Rivers of London

By : Ben Aaronovitch
Publisher: Gollancz
Available in: Hardback, softback, e-reader

Peter Grant is just coming to the end of his two year probation as a constable with the Metropolitan police. Probies always get the shit jobs. So it’s no real surprise that he finds himself, on a cold rainy night in January, guarding the scene of a murder outside St Paul’s in Covent Garden. While his friend, WPC Leslie May, is off getting coffee, he is approached by an eye witness to the crime. This witness gives a graphic and accurate account of what transpired. The only problem is that this witness is the ghost of a man that died over a century ago. This isn’t going to be easy to explain to the brass.

Thus begins Peter’s journey into a London that he was completely oblivious to before now.

Ben Aaronovitch, the author, has written for TV and radio in his time, as well as a bunch of novels. Most notably he has worked on Dr Who (TV, radio and books) and Blakes’ 7 (radio plays). Rivers of London is his first foray into a world that is his creation, and he has created it well.

The book is written from the view of Peter, and a great deal of thought has obviously been put into the character and the style of the writing. It has an earthy quality and an honesty that made me completely believe that this was the narrative of a young policeman from a mixed race family, London born and bred. There is no pretention to draw you out of the world that he completely succeeds in creating. A ‘modernism’ (is that a word?) that brings it into the world of today. This is something that other authors often aim for, but sometimes fail to achieve with such conviction. However, this does mean that some of the imagery is not quite as poetic as it could be. But I see this as a good thing. Don’t get me wrong. I love colourful renditions of the images writers are portraying. But Peter is not a poet. This is a world seen through his eyes. It really worked for me.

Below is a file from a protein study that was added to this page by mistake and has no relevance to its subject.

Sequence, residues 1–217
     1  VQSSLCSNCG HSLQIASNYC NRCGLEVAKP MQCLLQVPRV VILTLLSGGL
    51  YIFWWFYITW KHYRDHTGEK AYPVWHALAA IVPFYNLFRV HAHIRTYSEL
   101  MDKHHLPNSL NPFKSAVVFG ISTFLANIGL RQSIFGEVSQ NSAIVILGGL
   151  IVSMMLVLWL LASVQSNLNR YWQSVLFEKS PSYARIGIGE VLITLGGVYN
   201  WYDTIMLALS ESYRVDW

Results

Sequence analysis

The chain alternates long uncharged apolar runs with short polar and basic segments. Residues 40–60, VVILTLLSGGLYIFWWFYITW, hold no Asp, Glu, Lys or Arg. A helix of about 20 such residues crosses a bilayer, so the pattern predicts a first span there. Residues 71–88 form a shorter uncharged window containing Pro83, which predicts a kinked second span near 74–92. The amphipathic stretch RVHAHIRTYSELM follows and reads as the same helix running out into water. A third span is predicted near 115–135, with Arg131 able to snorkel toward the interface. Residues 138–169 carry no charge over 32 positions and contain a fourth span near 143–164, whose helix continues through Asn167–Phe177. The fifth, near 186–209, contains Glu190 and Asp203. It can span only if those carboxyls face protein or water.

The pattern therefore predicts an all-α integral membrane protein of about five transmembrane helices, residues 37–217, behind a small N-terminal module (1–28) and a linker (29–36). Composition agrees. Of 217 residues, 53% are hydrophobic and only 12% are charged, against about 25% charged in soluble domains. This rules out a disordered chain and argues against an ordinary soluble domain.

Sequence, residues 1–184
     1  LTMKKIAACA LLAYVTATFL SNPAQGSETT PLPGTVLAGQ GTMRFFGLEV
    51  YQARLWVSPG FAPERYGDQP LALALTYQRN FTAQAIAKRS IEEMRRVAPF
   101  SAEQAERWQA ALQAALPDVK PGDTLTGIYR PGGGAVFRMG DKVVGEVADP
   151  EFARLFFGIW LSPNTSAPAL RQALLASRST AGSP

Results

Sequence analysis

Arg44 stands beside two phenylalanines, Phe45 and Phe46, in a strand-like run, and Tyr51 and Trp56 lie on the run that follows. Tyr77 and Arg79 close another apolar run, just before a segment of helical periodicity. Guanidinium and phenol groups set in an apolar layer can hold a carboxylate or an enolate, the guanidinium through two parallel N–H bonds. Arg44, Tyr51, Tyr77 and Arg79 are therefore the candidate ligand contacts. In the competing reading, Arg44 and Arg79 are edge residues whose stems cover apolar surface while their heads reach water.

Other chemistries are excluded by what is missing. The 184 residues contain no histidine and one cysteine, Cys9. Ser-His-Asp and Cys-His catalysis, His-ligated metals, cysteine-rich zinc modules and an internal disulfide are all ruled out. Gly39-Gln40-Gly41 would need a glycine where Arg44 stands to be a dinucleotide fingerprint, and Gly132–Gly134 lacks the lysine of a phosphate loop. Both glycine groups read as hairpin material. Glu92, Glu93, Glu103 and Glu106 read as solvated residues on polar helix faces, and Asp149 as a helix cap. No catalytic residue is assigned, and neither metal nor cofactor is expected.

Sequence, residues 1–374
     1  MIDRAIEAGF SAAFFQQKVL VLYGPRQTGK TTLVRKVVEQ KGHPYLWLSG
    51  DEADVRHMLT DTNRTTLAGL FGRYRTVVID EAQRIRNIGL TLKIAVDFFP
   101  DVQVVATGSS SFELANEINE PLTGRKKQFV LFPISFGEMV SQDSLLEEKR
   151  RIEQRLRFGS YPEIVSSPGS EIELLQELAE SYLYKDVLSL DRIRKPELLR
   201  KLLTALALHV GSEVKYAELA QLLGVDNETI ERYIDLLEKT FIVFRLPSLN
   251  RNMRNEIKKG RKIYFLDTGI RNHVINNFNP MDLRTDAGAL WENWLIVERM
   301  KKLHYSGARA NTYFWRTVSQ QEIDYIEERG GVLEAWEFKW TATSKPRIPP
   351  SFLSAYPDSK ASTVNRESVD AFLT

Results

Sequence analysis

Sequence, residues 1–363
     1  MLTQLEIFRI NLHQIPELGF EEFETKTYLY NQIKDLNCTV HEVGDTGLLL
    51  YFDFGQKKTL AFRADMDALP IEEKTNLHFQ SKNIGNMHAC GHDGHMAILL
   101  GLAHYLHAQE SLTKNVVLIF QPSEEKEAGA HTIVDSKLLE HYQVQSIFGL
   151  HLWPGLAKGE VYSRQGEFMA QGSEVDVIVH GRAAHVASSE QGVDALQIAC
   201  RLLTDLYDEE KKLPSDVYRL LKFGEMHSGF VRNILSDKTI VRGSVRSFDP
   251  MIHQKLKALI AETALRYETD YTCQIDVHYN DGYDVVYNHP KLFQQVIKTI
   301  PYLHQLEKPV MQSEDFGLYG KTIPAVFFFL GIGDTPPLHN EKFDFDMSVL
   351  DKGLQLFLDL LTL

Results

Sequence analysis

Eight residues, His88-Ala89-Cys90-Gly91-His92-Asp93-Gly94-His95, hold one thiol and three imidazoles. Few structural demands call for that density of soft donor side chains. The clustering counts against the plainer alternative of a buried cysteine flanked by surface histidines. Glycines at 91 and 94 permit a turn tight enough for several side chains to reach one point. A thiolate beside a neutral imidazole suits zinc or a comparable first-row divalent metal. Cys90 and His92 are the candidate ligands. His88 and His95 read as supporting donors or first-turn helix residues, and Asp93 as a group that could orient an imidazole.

It is a tale told through the eyes of a policeman. So, as such, it is a police investigation tale that strays into a world that is way outside of the realms of police reports. As a result, it is not a splatter book, nor is it a sinister, suspense tale. Yet it is both. Aaronovitch tells a tale which, seen through different eyes, could have easily been told by Clive Barker or James Herbert. But neither of them would have chosen Peter as their central character. So there are moments that are told more clinically than would be by other authors. But are no less shocking or disturbing, if one applies some thought and imagination to what you are being told.

I am truly impressed with the amount of research and accuracy that Aaronovitch has achieved with this book. His portrayal of the Metropolitan Police structure and operation is superb. I used to work for the Met Police Forensic Science labs. So many parts of this book made me think ‘Fuck yeah… that is so right!’ (Actual Policemen may disagree.)

Some may question whether this is truly a ‘horror’ book. And I would admit, it’s no Banks, Lumley or Hutson. But it is a foray into the worlds that we embrace, and it is a refreshing point of view to observe this foray from. It may not be filled with scares, gore or balls out nastiness. But it, in my opinion, completely achieves what it aims at. And as a result of this book, Mr Aaronovitch has made it onto my list of ‘Authors to keep an eye on for new works’. This list is not large.

Rivers of London is the first in a series. It is followed by Moon over Soho and Whispers Under Ground (to date).

Rating: ★★★★★★★★☆☆

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